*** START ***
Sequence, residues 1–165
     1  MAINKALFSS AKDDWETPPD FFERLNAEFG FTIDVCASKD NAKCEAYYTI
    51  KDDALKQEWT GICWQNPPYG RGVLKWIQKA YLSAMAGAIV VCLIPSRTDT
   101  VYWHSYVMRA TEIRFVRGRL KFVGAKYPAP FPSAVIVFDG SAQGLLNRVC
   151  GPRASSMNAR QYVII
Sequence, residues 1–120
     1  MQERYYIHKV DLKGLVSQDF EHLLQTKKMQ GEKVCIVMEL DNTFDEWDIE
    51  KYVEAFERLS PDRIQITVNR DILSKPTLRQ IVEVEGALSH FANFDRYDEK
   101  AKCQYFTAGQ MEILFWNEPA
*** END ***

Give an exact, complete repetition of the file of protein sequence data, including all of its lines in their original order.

Sequence, residues 1–165
     1  MAINKALFSS AKDDWETPPD FFERLNAEFG FTIDVCASKD NAKCEAYYTI
    51  KDDALKQEWT GICWQNPPYG RGVLKWIQKA YLSAMAGAIV VCLIPSRTDT
   101  VYWHSYVMRA TEIRFVRGRL KFVGAKYPAP FPSAVIVFDG SAQGLLNRVC
   151  GPRASSMNAR QYVII
Sequence, residues 1–120
     1  MQERYYIHKV DLKGLVSQDF EHLLQTKKMQ GEKVCIVMEL DNTFDEWDIE
    51  KYVEAFERLS PDRIQITVNR DILSKPTLRQ IVEVEGALSH FANFDRYDEK
   101  AKCQYFTAGQ MEILFWNEPA